Bit late to the party but yes, the 27mm hex nut on output shaft is same thread, I use them on mine and others
Dent to lock in place, cant remember if I did anything else but have a spare box on the shelf, can look if you have a question.
Worth getting (buy, make, borrow) an alignment tool, you can use hub but job becomes simple with a bolt to compress springs too. A long bolt (M12 x 1.25mm ?) and washer sized to fit works and all I had for many years.
Clutch holding tool from old plate, two 8mm bolts and nuts, plastic pipe on threads to not damage gearbox casing
I use this to undo/do up front and back nuts
Do post clearances with new bearings, Im doubtful
Id buy big end shells cos theyre cheap but mains only when a problems occurred,
Gudgeon pins, Im fussy, slightest ridge and theyre in the bin, fingernail test
Noise from worn pins is annoying, small end rattle

Is all a doddle, enjoy yourself, watch out for little bits (dowels in main bearings have to go back)
Cam followers can be refaced

On current topic, I never lube clutch splines nor see the need, clutch is a superb design, the wear on yours is not unusual but personally, in 43 years (in 4 days, happy birthday my bike ) and at least 5 clutches Ive never had the slightest wear on mine, Neutral when stopped appears to be answer.
Lube wont help those that wear out clutch splines
Do lube drive shaft splines, different story


Offline arbezc

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Re: LeMans Engine & Clutch Rebuild Questions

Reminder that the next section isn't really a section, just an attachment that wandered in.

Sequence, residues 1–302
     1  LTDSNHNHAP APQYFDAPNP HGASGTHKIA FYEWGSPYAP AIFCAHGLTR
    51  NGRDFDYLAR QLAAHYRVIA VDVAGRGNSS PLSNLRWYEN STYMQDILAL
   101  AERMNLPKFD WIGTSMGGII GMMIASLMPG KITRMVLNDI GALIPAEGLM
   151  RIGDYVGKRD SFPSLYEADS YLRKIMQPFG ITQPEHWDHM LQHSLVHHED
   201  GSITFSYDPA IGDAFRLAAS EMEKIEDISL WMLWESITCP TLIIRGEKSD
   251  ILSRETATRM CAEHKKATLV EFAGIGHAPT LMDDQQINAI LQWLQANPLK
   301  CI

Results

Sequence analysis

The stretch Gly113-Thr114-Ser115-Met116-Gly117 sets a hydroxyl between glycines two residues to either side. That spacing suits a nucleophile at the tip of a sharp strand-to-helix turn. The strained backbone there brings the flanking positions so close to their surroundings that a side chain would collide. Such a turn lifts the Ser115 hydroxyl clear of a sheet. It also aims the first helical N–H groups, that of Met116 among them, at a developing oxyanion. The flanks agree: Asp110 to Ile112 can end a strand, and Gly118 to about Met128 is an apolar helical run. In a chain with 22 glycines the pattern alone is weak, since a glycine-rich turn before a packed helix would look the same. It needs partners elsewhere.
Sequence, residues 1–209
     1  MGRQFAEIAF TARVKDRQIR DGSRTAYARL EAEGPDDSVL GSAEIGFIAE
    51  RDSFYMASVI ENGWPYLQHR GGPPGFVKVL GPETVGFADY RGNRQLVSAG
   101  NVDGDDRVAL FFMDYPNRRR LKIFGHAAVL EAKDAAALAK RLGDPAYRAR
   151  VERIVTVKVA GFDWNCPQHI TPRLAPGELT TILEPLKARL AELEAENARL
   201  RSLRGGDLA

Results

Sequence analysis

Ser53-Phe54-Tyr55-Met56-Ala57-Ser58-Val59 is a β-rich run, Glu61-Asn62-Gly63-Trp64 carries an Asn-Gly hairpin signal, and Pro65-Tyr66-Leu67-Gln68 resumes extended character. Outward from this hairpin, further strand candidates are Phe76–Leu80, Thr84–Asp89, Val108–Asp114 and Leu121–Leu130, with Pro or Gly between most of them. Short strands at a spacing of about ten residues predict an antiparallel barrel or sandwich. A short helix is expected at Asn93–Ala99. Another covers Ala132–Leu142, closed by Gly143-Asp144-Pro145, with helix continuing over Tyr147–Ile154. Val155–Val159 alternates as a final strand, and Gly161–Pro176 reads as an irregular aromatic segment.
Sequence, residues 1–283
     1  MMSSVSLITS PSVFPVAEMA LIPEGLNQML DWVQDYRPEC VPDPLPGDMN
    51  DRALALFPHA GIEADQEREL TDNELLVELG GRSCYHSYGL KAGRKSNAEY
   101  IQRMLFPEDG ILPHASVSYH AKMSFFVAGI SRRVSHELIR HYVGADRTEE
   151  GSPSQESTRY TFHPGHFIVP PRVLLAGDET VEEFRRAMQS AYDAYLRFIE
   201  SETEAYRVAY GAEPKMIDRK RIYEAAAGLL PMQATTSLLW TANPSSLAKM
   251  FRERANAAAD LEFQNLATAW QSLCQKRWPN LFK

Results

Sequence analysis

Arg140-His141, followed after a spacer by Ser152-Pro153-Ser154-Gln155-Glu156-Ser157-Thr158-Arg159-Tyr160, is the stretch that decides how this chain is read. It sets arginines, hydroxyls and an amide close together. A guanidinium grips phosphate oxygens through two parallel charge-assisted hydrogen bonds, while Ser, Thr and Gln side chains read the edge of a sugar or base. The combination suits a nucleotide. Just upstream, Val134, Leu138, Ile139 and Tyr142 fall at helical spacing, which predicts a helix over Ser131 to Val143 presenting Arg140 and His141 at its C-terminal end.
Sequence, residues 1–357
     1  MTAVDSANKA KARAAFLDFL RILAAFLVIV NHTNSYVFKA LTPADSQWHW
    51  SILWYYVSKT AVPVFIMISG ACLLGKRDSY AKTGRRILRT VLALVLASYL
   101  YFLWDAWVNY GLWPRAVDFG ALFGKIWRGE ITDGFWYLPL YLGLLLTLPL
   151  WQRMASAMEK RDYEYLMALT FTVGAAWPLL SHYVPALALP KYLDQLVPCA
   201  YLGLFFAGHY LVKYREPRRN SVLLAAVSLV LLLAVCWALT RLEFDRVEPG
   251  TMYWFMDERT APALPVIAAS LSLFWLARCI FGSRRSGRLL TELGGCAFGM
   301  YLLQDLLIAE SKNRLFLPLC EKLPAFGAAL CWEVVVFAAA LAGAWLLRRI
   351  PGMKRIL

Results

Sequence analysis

« Reply #14 on: April 15, 2021, 11:45:08 AM »
Thanks Phil,
I'm going to try the dry film route on the LeMans. It crossed my mind that the clutch spines on the R1100S are quite small in diameter, more like the transmission output on the Guzzi.
Could it be that the rotational speed is lower therefore grease is not flung onto the clutch parts as readily? The LeMans hub is significantly larger therefore its surface speed would also higher making grease not as useful. My LeMans splines were coated in oil like its self lubricated by the gearbox.
There's an ongoing debate within the BMW community as to what the root causes of clutch spline failure are. The most knowledgeable blame a misalignment of the gearbox to the bellhousing & an overhang of the friction disk outside the input shaft. Its persisted for years & has turned many people off the older R Series. Other than these issues its a great road bike.
Jackson, Thanks for the concise list of work arounds & reminders. Ill be referring to it.
Thanks